The first Navigators were manufactured and issued during 1986. My first one was from the second batch of watches manufactured in 1988. The tritium wasn’t quite as yellow as I’ve seen on many others. For starters it has one of my favorite case designs of all time and with the added features of fixed spring bars and screw down crown in combination with a quartz movement makes it a really great beater. A true warrior! The only downside is the non-screw down case back. Otherwise this watch would have been irresistible to me.

#217 - The Adanac Navigator.


From April 1988.



My second one was not from any of the issued batches. The case back didn't say Gallet & Co like my first one did and I have no clue if the hand set were original or if they had been changed during the years. I just bought it because I got it cheap and thought I might have the hands exchanged to the ladder type like on the original. The watch somehow ended up lying in the bottom of my drawer and I totally forgot about. I sold it when I found it because I was no longer in the mood to have it modified. I've seen Navigator's with Marathon dials that were manufactured in 1989 so I'm not entirely sure when this one could have been made.

#251 - My second Adanac. Non-issued.



I truly love the issued Navigator’s no matter whether it’s Adanac or Marathon. I think they are super interesting. It feels like they have so much history. Who knows what they have witnessed during their years of service?



© All pictures by a Watch Flipper's Diary unless noted.

2016-09-02

No 216 - Armida A8

Bronze and brass watches. Yeah, the hype has been crazy. Almost every micro builder has come up with at least one bronze/brass watch in their line-up the last couple of years. The alloys are quite similar in appearance where bronze is the more expensive of the two due to its higher content of copper. I can’t say I’m a big fan of the bronze look but when I found this Armida A8 (made out of brass) it felt like a good watch to give a try just to get a feel of what this material was all about.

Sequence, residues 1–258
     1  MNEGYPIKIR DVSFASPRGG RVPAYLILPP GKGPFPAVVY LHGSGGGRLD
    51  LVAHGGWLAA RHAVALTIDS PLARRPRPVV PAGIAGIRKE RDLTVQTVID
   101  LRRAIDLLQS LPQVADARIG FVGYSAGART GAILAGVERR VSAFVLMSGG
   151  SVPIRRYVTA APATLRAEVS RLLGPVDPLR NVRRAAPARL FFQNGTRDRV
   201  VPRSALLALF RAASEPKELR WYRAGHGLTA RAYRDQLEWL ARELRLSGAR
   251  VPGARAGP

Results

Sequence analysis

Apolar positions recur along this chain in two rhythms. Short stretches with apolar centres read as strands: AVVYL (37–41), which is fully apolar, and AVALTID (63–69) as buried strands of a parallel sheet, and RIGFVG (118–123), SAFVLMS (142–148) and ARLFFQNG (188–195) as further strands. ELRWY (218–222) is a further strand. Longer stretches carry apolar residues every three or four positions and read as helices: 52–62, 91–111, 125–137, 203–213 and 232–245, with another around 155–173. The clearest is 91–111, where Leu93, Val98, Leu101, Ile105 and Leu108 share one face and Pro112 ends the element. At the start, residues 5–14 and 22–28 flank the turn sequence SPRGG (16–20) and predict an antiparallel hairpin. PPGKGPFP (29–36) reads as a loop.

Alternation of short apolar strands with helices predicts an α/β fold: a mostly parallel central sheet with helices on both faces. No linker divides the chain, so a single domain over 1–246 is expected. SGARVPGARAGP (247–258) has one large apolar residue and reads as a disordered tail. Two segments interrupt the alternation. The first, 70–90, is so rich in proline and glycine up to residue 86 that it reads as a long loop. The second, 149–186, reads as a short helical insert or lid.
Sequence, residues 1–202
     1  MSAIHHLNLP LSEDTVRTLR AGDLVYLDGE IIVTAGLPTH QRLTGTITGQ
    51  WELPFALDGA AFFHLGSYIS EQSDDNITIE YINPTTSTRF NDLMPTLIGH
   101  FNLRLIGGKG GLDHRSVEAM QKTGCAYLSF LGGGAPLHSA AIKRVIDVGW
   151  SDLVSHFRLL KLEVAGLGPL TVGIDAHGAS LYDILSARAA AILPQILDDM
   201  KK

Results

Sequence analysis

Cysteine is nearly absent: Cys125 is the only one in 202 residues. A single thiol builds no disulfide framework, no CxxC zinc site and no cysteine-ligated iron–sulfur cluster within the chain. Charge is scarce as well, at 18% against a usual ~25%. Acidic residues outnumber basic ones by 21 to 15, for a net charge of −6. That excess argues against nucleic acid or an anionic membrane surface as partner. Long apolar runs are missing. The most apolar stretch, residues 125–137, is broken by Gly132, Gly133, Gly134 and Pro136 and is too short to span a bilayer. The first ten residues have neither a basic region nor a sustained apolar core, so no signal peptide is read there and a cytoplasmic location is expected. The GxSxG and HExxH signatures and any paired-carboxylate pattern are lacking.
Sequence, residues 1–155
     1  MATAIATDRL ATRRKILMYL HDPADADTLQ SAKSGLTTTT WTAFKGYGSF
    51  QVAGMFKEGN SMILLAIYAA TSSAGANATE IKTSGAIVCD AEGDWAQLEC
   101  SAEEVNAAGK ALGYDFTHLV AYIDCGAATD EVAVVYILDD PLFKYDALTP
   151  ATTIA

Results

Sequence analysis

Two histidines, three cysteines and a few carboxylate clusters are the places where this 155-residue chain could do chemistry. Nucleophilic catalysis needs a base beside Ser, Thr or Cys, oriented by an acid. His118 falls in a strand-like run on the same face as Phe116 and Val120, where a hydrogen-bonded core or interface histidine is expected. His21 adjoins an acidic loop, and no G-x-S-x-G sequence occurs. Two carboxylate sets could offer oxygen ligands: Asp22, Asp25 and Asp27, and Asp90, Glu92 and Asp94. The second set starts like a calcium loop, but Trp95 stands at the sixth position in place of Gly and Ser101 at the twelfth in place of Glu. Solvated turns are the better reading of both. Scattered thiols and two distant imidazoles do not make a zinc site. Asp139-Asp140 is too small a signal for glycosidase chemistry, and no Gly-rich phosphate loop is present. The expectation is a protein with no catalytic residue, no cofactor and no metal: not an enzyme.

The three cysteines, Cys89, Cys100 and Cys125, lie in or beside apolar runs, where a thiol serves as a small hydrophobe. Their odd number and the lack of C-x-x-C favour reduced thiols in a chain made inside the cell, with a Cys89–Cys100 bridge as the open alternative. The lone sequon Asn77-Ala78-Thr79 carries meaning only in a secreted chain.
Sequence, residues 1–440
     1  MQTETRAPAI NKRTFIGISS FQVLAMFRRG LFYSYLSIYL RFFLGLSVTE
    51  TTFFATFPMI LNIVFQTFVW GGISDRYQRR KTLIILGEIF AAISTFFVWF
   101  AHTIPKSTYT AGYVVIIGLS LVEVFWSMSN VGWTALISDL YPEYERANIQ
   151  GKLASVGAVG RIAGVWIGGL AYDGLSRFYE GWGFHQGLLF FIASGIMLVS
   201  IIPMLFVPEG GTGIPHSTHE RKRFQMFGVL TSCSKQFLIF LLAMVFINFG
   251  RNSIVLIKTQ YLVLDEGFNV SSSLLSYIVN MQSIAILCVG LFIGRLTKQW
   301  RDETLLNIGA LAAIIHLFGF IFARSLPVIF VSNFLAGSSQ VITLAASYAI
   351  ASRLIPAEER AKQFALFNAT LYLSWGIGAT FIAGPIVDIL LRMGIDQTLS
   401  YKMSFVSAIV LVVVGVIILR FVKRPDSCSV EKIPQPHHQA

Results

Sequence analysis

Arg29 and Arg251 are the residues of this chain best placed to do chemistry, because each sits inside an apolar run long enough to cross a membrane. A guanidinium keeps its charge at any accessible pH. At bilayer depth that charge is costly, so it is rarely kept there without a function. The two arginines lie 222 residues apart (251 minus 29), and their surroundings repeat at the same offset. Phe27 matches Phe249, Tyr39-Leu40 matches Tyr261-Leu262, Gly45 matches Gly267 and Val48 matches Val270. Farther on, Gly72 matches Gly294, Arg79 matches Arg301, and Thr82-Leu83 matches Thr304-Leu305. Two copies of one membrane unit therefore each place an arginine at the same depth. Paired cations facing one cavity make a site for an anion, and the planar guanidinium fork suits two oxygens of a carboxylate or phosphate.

The previous owner had apparently kept the watch in a bag of hardboiled eggs, which rapidly had got the whole aging process going, and I remember unscrewing the lid of the tube, which the watch was delivered in, and how the strong smell hit me. What. The. Fuck?

#216 - The Armida A8.


Was it the zinc in the brass that caused this? It might be me who had an extreme sensitive sense of smell but I just couldn’t stand it while others, who I asked to smell the watch, told me they could smell it but not that strong and it didn’t bother them in any way. I almost felt sick because of it. So even though the watch was quite cool and had a really spectacular patina it had to go. 

During the day I wore it worked great. The NH35A movement (manufactured by Seiko) worked fine and the overall build quality felt very high in comparison to the low price. The look-a-like Isofrane rubber it came with was of a good quality and looked really good on the watch. OK, so it’s an obvious Submariner homage but the brass added another dimension to it which toned down that whole rip off feeling quite a lot. It measured 42mm excl. crown and had 22mm lug width. Water resistant to 300m. The crown for some reason wasn't made out of brass which I think looked odd.


Looking at the rest of the watches in the Armida line-up didn’t excite me very much and I’m pretty sure that this was my only one from the brand unless they come up with something a little more creative.



© All pictures by a Watch Flipper's Diary unless noted.